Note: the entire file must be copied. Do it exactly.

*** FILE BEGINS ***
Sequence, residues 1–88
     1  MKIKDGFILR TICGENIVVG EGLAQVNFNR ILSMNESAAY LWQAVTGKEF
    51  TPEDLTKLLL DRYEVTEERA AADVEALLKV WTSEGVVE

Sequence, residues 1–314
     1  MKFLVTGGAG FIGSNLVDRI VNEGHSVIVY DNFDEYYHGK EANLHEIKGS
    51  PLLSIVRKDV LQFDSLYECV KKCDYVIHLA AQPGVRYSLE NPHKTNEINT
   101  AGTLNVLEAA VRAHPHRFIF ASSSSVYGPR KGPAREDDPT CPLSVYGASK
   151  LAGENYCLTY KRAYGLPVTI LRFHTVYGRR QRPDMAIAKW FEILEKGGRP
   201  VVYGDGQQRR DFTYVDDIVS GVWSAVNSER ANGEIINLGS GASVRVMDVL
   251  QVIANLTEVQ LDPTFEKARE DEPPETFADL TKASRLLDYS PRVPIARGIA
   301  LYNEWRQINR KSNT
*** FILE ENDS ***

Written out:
Sequence, residues 1–88
     1  MKIKDGFILR TICGENIVVG EGLAQVNFNR ILSMNESAAY LWQAVTGKEF
    51  TPEDLTKLLL DRYEVTEERA AADVEALLKV WTSEGVVE

Sequence, residues 1–314
     1  MKFLVTGGAG FIGSNLVDRI VNEGHSVIVY DNFDEYYHGK EANLHEIKGS
    51  PLLSIVRKDV LQFDSLYECV KKCDYVIHLA AQPGVRYSLE NPHKTNEINT
   101  AGTLNVLEAA VRAHPHRFIF ASSSSVYGPR KGPAREDDPT CPLSVYGASK
   151  LAGENYCLTY KRAYGLPVTI LRFHTVYGRR QRPDMAIAKW FEILEKGGRP
   201  VVYGDGQQRR DFTYVDDIVS GVWSAVNSER ANGEIINLGS GASVRVMDVL
   251  QVIANLTEVQ LDPTFEKARE DEPPETFADL TKASRLLDYS PRVPIARGIA
   301  LYNEWRQINR KSNT